It’s a balancing act, and I guess we all reach our own equilibrium. I know some guys who play every day and love it, and I know some others who play once a month and that’s enough. I’m somewhere in between, and closer to every day than once a month. I’ll let you and my golf buddies know when I figure it out.

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Old Tom Marbles

One of the Golf Now commercials featuring the Old Tom Morris character has Old Tom bragging about how many golf course choices he had. He proudly says he had 4 courses to choose from and they were “All within a horse ride of my wee something something.” It sounds like he says “stone dungeon”, but that’s obviously not right.

Does anyone have any idea what he says the wee thing is that is within a horse ride of 4 courses? I suppose it’s Old Tom’s house, but what is he saying?

I like the Old Tom character despite the marbles in his mouth, but I wish they’d tone it down just a bit. Having him pay his bar tab with a chicken and using a sheep as a caddie verges on jumping the shark.

Old Tom may have lived in the 1800’s, but the last time I checked they had money and human caddies back then. I doubt Tom’s 50 pounds a year salary at St. Andrews was 50 pounds of chicken, and Tom himself was a caddie and a caddie master at various times in his life.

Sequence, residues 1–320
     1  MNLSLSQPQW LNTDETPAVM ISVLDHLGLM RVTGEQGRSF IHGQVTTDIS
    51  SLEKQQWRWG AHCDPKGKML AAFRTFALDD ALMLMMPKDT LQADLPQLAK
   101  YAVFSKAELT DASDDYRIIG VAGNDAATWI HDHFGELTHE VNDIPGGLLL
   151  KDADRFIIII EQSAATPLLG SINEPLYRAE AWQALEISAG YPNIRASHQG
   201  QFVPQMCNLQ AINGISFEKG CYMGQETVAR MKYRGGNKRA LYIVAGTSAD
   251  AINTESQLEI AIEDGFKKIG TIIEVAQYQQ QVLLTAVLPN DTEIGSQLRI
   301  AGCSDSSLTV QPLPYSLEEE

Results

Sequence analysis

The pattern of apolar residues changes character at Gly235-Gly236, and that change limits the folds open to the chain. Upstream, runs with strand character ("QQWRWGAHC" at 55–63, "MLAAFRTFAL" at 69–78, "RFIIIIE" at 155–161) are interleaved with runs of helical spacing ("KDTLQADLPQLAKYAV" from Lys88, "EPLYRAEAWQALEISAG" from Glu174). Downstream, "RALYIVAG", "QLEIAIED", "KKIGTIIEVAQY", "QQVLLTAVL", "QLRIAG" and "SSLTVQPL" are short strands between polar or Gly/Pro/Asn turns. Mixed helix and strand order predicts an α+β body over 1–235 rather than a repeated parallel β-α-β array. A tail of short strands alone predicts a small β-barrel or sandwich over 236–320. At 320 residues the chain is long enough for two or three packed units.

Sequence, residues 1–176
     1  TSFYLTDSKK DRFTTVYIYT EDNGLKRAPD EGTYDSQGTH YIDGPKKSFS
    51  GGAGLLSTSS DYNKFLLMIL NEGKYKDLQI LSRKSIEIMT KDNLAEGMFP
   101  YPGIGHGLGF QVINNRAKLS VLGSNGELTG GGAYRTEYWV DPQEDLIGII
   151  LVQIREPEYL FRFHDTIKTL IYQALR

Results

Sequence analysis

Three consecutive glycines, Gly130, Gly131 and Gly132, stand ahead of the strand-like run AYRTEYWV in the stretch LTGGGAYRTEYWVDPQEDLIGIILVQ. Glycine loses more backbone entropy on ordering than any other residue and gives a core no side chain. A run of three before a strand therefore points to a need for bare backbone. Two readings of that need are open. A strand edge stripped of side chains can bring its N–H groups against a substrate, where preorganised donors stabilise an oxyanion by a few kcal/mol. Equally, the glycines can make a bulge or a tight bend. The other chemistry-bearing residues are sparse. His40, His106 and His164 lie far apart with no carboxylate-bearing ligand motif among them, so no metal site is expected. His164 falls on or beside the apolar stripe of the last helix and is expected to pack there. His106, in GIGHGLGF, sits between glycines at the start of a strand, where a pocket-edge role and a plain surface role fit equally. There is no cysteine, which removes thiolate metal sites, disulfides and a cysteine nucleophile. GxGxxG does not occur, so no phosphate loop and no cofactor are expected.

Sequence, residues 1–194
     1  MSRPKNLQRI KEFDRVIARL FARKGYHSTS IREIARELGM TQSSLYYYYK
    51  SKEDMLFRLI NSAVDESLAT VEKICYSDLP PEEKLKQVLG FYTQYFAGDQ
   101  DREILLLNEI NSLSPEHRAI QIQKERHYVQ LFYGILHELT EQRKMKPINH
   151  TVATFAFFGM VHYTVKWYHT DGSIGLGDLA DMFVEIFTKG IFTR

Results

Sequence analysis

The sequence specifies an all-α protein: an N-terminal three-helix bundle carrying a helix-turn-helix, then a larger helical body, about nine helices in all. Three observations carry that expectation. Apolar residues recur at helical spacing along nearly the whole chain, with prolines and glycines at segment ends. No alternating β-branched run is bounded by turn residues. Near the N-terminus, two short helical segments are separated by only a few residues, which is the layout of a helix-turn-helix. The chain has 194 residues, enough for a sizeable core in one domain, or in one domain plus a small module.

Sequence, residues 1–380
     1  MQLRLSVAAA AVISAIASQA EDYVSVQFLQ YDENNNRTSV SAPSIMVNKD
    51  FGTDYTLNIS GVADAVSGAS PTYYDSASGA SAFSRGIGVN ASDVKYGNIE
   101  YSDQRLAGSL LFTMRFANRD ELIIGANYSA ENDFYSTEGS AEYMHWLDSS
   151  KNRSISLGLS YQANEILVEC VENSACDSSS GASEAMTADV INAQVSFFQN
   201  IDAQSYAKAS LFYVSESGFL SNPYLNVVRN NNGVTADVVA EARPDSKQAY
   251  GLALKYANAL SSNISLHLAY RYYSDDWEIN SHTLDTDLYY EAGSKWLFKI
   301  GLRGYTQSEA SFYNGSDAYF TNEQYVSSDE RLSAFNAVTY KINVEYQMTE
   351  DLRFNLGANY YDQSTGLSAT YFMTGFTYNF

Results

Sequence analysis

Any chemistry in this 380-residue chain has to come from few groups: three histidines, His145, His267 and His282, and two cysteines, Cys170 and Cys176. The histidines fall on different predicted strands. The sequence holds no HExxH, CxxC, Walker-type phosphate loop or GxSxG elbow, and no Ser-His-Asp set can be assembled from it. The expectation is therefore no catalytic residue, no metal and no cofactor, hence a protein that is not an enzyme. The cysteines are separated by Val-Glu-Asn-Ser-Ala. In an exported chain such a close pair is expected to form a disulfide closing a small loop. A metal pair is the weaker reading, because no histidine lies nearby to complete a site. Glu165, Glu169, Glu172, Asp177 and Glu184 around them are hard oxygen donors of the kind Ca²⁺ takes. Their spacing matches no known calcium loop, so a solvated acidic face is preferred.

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Meet Meeester Streeeak

When I was an undergrad in 1967, my academic advisor gave me one of the worst pieces of advice I ever received. “Take Russian,” he said. “You’ll need it to read important scientific literature.” I never needed to read anything in Russian during my academic career, and it’s probably good given how poorly I learned the language. The Russian classes were at 8 AM, and I had a bad habit of playing pool until dawn. The little Russian I did know helped me understand some words in A Clockwork Orange, though.

Class attendance at most classes at Rice in those days was optional. Do well on the exams and other work, and whether you were in class or not was unimportant. However, my Russian instructor was very nice guy who was interested in our performance, dearly wanted us to learn Russian, and thought it was crucial that we came to class and participate (in Russian, of course), so he was concerned if someone was frequently absent. On one of my rare days of attendance I answered a discussion question in Spanish in my semi-comatose pool-all-night induced state. That got quite a response.

Anyway, I had a friend in the class who took pride in his ability to skip classes and still ace the exams. He did this very well, and the 8 AM meeting time combined with his habits pretty much ruled out his attendance. My Russian instructor was a native of Russia and spoke English with a heavy accent. The instructor noticed my friend’s absence, and would ask the class “Has eeenybody seeen Meeester (name withheld to protect the guilty, but it started with “S” and ended with “k”, and was full of long vowel sounds in the middle.)

Enter Silver Streak, the cat you see in the picture. He’s one of the many ferals that live on our property and enjoy our hospitality. As you can see, he’s all black, but in his youth he had a silver whisker that earned him the name. This was shortened to Streak for convenience, but to me he’s always “Meeester Streeeak.” I doubt that a nostalgic cat name was the benefit my academic advisor intended when he told me to take Russian, but you never know how education might enrich your life. Life is full of surprises.

(Photo by Loretta Prokop)

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Hybrids Anonymous